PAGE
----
Northern Health tackles Epidemic Thunderstorm Asthma (ETSA) season
Spring is in the air, and so is pollen and thunderstorms. The warmer weather and longer days can also trigger asthma and hay fever allergies. These symptoms include an itchy and runny nose, sneezing, coughing, wheezing and/or chest tightness. Some of these symptoms can become very severe, very quickly, and may require urgent medical assistance.
As we enter the Epidemic Thunderstorm Asthma (ETSA) season from October through to December, Northern Health is taking a proactive approach to ensuring we have the right systems and processes in place to manage an ESTA event.
Jason Amos, Emergency Management reminds staff that, the Code Brown – External Emergency procedure and the Code Brown Subplan – Thunderstorm Asthma procedure are available on prompt to ensure appropriate response to Code Brown/Thunderstorms Asthma events.
“This is a timely reminder for staff to ensure they are aware of our emergency plans for such events,” said Jason.
On 21 November 2016, the state of Victoria witnessed the largest ETSA event ever recorded worldwide, an event that was unprecedented in size, severity and impact. Thousands of people developed breathing difficulties within a short period of time, and for many of them it was their first asthma attack.
ETSA is caused by uncommon combination of high grass pollen levels and a certain type of thunderstorm. There is no universal definition of ETSA event as such, but this includes large numbers of people with sudden onset asthma in temporal and spatial relation to the storm, and large geographical areas affecting multiple health services, with a resultant strain on health and emergency systems.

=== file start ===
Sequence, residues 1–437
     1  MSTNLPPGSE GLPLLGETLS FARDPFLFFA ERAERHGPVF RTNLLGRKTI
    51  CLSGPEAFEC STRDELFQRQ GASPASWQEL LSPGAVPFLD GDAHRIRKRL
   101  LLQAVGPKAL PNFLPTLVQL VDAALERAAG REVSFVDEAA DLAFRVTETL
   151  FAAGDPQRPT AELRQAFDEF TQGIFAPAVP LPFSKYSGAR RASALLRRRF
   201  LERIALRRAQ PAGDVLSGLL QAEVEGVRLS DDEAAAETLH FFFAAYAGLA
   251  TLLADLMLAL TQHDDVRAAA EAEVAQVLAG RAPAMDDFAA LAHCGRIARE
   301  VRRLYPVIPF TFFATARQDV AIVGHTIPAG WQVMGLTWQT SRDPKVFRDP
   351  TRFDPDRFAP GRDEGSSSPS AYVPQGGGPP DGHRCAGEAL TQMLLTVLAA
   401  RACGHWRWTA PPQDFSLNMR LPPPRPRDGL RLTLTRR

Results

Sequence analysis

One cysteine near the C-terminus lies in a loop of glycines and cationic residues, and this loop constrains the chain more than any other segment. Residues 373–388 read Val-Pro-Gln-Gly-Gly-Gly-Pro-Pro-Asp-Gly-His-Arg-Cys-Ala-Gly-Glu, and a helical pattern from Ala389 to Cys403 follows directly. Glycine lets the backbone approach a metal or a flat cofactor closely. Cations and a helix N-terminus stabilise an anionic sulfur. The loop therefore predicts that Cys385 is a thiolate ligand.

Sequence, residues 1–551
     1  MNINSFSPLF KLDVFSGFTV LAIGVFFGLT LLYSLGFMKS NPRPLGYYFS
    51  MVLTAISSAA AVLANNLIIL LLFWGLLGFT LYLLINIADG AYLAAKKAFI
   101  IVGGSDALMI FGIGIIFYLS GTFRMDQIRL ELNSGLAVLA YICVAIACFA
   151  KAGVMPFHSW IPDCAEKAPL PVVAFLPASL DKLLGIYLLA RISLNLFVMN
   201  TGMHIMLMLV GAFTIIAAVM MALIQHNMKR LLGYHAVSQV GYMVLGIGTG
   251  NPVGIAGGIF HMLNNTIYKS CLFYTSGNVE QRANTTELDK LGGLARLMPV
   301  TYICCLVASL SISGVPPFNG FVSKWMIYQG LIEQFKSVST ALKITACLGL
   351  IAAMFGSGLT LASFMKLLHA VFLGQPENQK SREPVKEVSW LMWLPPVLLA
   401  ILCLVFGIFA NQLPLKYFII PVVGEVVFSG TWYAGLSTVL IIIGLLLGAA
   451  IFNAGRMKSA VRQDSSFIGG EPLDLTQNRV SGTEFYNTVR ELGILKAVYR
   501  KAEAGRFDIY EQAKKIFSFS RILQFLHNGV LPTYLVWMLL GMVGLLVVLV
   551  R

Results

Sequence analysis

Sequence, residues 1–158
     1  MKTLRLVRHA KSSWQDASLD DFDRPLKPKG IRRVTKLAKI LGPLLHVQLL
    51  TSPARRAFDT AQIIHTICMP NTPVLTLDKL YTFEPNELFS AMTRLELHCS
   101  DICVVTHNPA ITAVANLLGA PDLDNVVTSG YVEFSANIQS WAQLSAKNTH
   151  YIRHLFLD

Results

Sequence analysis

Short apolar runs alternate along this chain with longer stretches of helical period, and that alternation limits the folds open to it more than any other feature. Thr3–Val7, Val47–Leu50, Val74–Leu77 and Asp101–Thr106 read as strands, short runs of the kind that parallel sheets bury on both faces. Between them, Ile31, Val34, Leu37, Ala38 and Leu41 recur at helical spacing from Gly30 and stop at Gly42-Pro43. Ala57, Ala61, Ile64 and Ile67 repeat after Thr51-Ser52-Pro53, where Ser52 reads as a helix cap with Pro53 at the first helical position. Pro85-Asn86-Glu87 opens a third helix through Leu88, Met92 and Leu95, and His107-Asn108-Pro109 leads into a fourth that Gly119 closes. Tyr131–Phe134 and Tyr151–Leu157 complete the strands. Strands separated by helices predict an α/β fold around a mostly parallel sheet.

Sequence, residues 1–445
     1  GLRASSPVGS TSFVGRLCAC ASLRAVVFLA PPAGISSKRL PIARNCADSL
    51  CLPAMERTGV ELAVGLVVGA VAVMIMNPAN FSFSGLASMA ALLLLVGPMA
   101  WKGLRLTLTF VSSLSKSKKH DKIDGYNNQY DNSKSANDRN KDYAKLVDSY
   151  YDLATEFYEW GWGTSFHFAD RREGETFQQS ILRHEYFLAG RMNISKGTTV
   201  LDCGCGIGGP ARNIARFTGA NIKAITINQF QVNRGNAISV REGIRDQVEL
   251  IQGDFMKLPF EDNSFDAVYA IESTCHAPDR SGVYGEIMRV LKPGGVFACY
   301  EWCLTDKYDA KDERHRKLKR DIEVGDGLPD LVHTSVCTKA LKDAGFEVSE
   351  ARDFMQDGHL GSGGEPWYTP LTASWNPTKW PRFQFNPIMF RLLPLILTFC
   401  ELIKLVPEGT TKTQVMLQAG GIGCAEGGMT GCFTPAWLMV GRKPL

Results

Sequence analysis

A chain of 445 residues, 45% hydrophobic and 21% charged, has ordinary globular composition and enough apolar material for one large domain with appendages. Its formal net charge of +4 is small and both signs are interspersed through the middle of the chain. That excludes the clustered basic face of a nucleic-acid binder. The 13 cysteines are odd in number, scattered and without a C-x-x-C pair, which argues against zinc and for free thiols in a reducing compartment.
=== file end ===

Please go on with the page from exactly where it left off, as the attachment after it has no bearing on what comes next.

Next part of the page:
Epidemiologists recommend that people with current, past or undiagnosed asthma, and those with seasonal allergic rhinitis, have a current asthma action plan to follow (updated by their GP). They should also learn asthma first aid, stay out of storms from October through to December. Further advice during an ESTA event is to stay inside and close your doors and windows and, if you have your air conditioner on, turn it to recirculate.
It is also important for everyone in the community to be able to recognise the symptoms of someone having an asthma attack and to know the four steps of asthma first aid:
Step 1: Sit person suffering the attack upright
Step 2: Shake the blue/grey reliever puffer and give them four separate puffs using a spacer if available
Step 3: Wait four minutes and give four more puffs if the person cannot breathe normally
Step 4: Call an ambulance if they still cannot breathe normally and keep giving reliever puffs as above until an ambulance arrives.
Hayley Grey, Nurse Unit Manager (NUM) VVED, added, “if you are experiencing mild to moderate symptoms of asthma, or are unsure of the severity of what you’re experiencing, please contact the Victorian Virtual Emergency Department at https://www.vved.org.au/ for further assistance or visit your GP. It’s essential that we keep our Ambulances and Emergency Departments available for those that are critically ill.
You can access daily forecasts for ETSA events here.